The Economist published a great piece that captured the teeter-tottering question of whether this will actually help Sudan or indeed hurt it even more:
"Will things get bloodier if the indictment goes ahead? It is not clear either way. Last year the court indicted the minister for humanitarian affairs in the Sudanese government, together with a janjaweed leader. There was certainly no reduction in the violence then, but nor did it get worse. Nor is it clear how the UN Security Council will react. Justice must give way to peace, pragmatists cry. But there can be no lasting peace without justice, idealists reply."
Reactions from bloggers in Sudan, the rest of Africa and other regions offer a sobering view on the genocide charges with fear looming about what will become of the already unstable nation. Global Voices Online compiled this extensive look into the blog world. I'm not even going to try and summarize because they provided such an in-depth collection of the overall opinion floating around that it's best if you take a look for yourself.
But I will draw attention to some who have come to the defense of the indictment to provide a more balanced debate. Support of the decision has surfaced in Kenya with this article reporting that Kenyans believe Bashir should appear to the ICC to state his role in the genocide. An editorial that ran in Kenya's Daily Nation called the move "the single most important development in the long struggle to end the mass slaughter in the Darfur region," because it will send an important message to leaders across the world--including the U.S.:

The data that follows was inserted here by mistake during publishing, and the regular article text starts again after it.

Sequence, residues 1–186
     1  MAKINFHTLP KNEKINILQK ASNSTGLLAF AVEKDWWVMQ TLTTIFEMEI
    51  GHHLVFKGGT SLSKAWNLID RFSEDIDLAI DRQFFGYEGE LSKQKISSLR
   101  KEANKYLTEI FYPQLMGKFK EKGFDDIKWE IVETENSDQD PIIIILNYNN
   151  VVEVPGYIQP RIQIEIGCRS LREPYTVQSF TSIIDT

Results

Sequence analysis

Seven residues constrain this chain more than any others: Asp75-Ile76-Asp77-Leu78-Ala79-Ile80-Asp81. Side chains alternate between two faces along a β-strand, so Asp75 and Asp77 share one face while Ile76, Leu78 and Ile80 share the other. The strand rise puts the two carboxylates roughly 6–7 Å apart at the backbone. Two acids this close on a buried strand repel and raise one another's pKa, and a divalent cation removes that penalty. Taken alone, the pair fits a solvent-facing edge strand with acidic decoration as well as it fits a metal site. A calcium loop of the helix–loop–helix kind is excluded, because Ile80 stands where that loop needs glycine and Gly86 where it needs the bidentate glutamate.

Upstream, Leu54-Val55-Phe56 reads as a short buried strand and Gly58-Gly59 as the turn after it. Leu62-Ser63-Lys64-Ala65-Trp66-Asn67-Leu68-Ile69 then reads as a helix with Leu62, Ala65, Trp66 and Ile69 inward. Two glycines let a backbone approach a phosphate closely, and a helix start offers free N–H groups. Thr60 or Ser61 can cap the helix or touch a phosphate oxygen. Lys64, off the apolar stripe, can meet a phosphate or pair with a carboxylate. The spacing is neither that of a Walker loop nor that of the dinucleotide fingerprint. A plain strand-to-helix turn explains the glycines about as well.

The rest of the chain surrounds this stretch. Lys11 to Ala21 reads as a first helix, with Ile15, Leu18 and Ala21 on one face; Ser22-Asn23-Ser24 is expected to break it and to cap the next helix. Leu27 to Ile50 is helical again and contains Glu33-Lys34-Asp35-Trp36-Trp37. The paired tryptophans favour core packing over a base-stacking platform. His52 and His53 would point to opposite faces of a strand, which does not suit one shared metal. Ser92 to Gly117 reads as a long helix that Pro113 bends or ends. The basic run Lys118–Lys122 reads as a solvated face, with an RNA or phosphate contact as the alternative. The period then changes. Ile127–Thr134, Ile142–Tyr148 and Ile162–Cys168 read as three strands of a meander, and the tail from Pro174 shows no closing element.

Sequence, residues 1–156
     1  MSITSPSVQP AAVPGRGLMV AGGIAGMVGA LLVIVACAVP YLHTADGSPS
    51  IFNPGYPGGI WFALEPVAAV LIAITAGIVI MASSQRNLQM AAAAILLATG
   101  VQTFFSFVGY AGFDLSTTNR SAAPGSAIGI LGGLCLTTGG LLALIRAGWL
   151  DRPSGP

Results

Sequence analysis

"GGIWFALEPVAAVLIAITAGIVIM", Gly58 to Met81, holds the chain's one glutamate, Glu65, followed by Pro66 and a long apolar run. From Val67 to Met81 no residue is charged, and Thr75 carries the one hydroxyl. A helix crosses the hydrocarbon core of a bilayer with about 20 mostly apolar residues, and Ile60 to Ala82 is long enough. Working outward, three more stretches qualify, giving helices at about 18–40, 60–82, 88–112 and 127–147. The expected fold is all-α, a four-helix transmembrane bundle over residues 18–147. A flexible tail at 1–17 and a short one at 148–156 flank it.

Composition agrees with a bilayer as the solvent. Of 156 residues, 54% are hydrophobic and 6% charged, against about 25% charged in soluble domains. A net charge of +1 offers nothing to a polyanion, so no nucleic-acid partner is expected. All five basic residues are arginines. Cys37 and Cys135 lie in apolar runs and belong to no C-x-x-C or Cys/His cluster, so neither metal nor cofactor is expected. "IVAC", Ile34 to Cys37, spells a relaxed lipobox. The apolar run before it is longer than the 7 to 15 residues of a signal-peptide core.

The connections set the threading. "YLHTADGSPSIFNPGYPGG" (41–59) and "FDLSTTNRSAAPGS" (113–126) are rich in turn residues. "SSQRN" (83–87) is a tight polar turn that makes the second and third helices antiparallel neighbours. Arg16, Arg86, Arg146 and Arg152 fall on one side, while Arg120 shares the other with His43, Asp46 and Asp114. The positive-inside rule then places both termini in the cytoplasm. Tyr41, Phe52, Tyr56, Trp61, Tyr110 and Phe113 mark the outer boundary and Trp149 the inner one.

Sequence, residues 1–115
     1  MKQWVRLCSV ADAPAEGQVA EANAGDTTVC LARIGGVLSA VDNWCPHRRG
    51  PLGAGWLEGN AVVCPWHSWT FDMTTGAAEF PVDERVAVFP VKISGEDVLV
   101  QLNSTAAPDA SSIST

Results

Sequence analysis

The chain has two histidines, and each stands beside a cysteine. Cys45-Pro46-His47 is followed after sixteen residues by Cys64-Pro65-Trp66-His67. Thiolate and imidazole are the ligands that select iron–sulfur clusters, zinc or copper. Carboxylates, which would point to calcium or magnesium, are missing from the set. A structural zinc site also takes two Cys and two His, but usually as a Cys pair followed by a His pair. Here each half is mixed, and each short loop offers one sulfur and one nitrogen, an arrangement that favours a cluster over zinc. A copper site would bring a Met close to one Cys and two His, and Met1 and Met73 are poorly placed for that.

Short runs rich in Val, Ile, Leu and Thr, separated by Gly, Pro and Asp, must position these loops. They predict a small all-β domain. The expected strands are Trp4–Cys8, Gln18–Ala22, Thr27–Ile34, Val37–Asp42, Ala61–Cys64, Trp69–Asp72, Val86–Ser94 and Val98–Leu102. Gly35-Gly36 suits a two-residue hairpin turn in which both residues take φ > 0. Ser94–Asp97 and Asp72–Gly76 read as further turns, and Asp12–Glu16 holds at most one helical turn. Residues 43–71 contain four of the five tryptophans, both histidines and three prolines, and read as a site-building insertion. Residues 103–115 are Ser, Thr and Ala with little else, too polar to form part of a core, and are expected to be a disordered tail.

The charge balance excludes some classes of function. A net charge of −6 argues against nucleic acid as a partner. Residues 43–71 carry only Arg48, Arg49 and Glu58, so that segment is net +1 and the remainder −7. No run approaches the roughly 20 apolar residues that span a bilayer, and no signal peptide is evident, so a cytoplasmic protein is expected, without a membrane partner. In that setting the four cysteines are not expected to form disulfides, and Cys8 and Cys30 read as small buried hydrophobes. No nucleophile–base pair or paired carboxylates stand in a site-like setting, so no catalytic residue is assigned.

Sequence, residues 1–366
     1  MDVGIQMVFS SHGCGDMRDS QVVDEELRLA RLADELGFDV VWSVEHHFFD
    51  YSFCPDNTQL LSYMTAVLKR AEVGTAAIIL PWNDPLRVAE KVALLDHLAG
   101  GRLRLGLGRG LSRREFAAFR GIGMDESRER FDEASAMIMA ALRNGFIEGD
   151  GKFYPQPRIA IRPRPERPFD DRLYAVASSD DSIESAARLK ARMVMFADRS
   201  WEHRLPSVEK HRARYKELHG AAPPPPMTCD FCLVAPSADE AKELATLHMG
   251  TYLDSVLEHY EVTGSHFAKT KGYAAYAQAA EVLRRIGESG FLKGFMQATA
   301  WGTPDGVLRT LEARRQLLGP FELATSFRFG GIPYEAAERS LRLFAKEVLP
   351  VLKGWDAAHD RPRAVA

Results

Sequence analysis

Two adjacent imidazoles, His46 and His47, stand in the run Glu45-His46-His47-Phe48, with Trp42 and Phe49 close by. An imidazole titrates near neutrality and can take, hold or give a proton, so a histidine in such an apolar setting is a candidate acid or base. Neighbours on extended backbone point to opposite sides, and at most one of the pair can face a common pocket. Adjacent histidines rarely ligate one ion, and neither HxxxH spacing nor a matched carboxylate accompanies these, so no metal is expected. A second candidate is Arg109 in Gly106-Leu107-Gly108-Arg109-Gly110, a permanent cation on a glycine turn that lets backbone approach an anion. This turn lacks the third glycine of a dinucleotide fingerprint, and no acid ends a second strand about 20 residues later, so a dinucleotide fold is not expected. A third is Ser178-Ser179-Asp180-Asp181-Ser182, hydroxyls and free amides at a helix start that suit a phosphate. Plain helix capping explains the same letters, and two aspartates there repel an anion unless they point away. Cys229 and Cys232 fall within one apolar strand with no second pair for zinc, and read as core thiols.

"American forces in Iraq have been accused of activities verging on war crimes. There will be some who think President Bush should also be in the dock."
Other supporters have included human rights organizations such as Human Rights Watch (HRW) and Refugees International who issued this statement on Reuters, citing the decision as "correct and necessary." HRW issued a press release also voicing support.
The general argument on the human rights front is that this indictment will send a forceful message along with becoming a catalyst to end the atrocities that are occurring.
I'm teeter-tottering on this myself.
This is the first indictment on the Hague's behalf and the concept of ownership can be extremely powerful--as discussed in my posts about satellite imagery making a compelling argument for human rights abuses. Being held responsible for acts of genocide is just another facet to that ownership.
But it's necessary to take into consideration the dire consequences this could have, which bloggers throughout Africa, including the Sudanese, are rightfully expressing concern for. Not only may this result in backlash from the Janjaweed against civilians but also the UN peacekeepers and humanitarian aides.
It's too early to determine whether the indictment will have any positive effect on the crisis in Darfur but all situations need to be carefully weighed as the ICC moves forward.